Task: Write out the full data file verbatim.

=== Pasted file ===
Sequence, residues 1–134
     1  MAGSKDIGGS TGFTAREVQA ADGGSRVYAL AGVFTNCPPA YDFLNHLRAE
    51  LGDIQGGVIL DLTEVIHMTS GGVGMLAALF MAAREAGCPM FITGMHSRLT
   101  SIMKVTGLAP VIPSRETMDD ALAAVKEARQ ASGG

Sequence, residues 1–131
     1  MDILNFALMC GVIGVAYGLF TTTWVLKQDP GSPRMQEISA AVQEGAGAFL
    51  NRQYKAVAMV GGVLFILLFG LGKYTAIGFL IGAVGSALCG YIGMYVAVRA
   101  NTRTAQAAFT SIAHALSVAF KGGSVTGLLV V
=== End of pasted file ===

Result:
Sequence, residues 1–134
     1  MAGSKDIGGS TGFTAREVQA ADGGSRVYAL AGVFTNCPPA YDFLNHLRAE
    51  LGDIQGGVIL DLTEVIHMTS GGVGMLAALF MAAREAGCPM FITGMHSRLT
   101  SIMKVTGLAP VIPSRETMDD ALAAVKEARQ ASGG

Sequence, residues 1–131
     1  MDILNFALMC GVIGVAYGLF TTTWVLKQDP GSPRMQEISA AVQEGAGAFL
    51  NRQYKAVAMV GGVLFILLFG LGKYTAIGFL IGAVGSALCG YIGMYVAVRA
   101  NTRTAQAAFT SIAHALSVAF KGGSVTGLLV V